New paper on low eosinophil and lymphocyte counts
9 November 2016
Eosinophil and lymphocyte counts are commonly performed in clinical practice. Previous studies provide conflicting evidence of association with cardiovascular diseases.
We used linked primary care, hospitalisation, disease registry and mortality data in England (the CALIBER (CArdiovascular disease research using LInked Bespoke studies and Electronic health Records) programme). We included people aged 30 or older without cardiovascular disease at baseline, and used Cox models to estimate cause-specific HRs for the association of eosinophil or lymphocyte counts with the first occurrence of cardiovascular disease.
The cohort comprised 775 231 individuals, of whom 55 004 presented with cardiovascular disease over median follow-up 3.8 years. Over the first 6 months, there was a strong association of low eosinophil counts (<0.05 compared with 0.15–0.25×109/L) with heart failure (adjusted HR 2.05; 95% CI 1.72 to 2.43), unheralded coronary death (HR 1.94, 95% CI 1.40 to 2.69), ventricular arrhythmia/sudden cardiac death and subarachnoid haemorrhage, but not angina, non-fatal myocardial infarction, transient ischaemic attack, ischaemic stroke, haemorrhagic stroke, subarachnoid haemorrhage or abdominal aortic aneurysm. Low eosinophil count was inversely associated with peripheral arterial disease (HR 0.63, 95% CI 0.44 to 0.89). There were similar associations with low lymphocyte counts (<1.45 vs 1.85–2.15×109/L); adjusted HR over the first 6 months for heart failure was 2.25 (95% CI 1.90 to 2.67). Associations beyond the first 6 months were weaker.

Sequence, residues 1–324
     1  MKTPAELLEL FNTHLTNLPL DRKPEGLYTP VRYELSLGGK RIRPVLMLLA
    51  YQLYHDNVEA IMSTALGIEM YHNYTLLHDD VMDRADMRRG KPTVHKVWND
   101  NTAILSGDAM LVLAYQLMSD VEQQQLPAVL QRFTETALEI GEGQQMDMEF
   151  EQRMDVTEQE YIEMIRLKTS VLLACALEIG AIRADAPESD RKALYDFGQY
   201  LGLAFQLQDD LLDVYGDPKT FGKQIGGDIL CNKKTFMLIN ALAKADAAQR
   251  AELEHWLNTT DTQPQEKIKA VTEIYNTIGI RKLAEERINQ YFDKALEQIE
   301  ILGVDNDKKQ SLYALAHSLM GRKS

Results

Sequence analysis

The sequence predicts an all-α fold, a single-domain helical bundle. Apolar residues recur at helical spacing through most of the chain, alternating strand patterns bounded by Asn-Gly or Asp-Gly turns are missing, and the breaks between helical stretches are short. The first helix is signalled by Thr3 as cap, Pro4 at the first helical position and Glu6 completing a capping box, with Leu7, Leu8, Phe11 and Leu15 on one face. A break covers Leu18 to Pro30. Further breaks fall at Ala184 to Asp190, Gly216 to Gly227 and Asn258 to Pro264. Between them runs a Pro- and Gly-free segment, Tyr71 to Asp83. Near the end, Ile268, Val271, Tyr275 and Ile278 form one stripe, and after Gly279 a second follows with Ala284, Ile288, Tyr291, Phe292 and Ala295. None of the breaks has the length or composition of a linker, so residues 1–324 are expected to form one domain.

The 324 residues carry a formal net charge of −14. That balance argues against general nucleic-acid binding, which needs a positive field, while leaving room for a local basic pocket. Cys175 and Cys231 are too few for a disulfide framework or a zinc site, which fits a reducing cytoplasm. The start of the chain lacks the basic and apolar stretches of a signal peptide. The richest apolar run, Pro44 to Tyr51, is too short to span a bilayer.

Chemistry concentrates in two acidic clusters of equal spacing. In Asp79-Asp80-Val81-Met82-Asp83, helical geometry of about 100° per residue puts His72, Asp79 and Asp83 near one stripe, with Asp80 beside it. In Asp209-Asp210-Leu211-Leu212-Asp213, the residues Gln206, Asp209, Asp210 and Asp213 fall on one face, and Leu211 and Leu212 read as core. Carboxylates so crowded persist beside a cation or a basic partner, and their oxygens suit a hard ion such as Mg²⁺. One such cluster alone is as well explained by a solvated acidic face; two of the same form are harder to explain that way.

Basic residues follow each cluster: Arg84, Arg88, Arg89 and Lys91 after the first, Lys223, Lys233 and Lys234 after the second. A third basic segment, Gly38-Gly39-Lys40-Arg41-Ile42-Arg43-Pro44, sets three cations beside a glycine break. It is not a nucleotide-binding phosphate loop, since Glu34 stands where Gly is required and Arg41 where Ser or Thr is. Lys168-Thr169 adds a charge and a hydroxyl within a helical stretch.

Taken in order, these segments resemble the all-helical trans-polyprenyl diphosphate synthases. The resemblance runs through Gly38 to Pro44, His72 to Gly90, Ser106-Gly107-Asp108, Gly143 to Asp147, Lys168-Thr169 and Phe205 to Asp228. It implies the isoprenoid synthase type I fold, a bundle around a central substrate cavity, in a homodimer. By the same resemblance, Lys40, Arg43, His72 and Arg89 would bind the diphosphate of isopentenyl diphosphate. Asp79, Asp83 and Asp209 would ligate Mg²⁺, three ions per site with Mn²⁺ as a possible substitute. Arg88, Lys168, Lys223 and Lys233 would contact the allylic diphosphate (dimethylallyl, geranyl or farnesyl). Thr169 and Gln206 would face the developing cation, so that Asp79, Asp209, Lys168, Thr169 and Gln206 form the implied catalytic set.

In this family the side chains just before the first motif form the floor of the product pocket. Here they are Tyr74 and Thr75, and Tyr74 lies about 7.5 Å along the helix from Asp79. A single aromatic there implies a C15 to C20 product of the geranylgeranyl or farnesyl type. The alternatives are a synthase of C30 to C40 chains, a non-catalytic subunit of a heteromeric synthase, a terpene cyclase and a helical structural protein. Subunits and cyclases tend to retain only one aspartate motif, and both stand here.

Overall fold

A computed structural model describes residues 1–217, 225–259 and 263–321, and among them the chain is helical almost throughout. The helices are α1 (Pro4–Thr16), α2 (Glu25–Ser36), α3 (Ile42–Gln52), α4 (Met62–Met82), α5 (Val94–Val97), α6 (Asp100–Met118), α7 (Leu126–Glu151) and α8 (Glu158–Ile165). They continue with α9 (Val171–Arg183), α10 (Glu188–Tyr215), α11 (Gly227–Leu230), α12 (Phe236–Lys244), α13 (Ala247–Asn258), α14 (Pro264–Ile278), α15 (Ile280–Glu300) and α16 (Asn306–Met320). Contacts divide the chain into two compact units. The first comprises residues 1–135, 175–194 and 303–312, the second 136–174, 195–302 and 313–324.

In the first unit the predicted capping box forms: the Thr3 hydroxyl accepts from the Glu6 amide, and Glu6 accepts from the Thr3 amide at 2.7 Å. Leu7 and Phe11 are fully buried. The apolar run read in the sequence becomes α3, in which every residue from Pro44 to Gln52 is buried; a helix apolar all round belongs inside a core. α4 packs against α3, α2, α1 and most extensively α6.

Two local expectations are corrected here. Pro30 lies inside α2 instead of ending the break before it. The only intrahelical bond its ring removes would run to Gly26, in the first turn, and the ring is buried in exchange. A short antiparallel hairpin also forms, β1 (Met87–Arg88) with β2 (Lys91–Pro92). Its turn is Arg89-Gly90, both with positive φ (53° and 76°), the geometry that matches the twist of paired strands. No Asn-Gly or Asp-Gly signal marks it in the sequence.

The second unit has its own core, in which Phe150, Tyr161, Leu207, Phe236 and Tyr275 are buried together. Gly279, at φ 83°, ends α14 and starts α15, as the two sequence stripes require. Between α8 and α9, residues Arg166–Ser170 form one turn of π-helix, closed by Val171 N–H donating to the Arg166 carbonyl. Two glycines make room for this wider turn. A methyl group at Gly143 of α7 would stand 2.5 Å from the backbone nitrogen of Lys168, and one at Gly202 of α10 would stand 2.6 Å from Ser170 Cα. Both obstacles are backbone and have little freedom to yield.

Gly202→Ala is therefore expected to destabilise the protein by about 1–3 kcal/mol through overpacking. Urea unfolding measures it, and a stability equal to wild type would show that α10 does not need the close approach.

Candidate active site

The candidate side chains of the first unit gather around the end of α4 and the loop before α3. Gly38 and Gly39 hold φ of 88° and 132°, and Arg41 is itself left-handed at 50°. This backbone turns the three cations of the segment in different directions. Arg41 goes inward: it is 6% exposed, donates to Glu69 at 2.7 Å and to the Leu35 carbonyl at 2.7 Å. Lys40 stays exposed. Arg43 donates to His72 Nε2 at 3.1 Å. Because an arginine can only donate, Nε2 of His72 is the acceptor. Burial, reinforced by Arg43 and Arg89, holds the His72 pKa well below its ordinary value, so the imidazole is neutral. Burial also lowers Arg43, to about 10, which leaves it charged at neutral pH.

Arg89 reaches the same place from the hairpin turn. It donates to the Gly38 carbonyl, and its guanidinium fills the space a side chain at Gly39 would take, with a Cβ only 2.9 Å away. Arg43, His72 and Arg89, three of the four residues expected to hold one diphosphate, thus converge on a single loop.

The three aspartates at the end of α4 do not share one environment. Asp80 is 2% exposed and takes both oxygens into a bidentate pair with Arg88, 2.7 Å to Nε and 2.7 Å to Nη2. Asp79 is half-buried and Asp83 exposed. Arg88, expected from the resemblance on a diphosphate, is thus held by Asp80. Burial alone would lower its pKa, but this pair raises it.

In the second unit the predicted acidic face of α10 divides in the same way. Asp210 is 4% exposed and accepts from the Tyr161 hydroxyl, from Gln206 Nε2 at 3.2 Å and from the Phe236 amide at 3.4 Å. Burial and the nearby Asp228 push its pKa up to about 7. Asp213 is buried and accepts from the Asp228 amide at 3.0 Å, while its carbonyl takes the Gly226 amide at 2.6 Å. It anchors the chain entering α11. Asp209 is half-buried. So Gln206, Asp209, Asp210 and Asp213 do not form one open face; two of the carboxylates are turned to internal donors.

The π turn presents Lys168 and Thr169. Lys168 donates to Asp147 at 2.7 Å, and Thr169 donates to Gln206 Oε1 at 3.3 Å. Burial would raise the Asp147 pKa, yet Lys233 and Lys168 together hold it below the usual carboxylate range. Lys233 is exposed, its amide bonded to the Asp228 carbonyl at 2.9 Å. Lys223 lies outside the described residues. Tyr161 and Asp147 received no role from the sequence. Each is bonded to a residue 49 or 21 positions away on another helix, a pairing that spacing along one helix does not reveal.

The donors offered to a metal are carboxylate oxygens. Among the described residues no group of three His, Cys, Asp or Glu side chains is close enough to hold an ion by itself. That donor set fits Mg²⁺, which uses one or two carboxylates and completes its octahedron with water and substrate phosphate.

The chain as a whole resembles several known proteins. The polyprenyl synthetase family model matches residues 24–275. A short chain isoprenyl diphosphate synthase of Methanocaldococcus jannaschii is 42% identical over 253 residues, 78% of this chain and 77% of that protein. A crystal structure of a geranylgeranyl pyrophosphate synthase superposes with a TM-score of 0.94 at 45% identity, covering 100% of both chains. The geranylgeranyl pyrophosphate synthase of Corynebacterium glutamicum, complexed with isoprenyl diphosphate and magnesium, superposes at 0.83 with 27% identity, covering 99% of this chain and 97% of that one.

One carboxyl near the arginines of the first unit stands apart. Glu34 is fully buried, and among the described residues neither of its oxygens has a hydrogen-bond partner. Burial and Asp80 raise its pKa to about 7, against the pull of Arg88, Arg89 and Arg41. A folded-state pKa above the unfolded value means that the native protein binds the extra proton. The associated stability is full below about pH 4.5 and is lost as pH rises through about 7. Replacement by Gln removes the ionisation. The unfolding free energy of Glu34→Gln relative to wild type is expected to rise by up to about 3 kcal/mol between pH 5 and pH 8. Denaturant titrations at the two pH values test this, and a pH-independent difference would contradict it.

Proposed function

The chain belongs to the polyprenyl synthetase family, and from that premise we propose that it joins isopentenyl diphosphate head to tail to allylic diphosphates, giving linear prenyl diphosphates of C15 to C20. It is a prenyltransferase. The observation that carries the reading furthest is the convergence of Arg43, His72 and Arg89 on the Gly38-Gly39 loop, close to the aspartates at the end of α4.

Low eosinophil counts and low lymphocyte counts in the general population are associated with increased short-term incidence of heart failure and coronary death.
Shah AD, Denaxas S, Nicholas O, Hingorani AD, Hemingway H. Low eosinophil and low lymphocyte counts and the incidence of 12 cardiovascular diseases: a CALIBER cohort study. Open Heart. 2016; 3(2): e000477. doi: 10.1136/openhrt-2016-000477